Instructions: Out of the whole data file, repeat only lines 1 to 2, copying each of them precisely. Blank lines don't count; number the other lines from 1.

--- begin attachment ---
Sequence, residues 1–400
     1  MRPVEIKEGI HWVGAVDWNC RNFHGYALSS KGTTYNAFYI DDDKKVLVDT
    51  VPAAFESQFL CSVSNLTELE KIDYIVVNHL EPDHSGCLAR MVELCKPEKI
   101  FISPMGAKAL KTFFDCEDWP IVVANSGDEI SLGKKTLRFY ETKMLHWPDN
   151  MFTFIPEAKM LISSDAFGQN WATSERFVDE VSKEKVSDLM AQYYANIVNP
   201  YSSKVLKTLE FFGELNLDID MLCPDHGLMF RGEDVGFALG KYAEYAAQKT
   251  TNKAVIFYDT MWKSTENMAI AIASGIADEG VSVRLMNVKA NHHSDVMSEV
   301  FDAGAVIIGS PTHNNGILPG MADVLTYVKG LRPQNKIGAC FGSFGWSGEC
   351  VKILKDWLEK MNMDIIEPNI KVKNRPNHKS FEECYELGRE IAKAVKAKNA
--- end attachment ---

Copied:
Sequence, residues 1–400
     1  MRPVEIKEGI HWVGAVDWNC RNFHGYALSS KGTTYNAFYI DDDKKVLVDT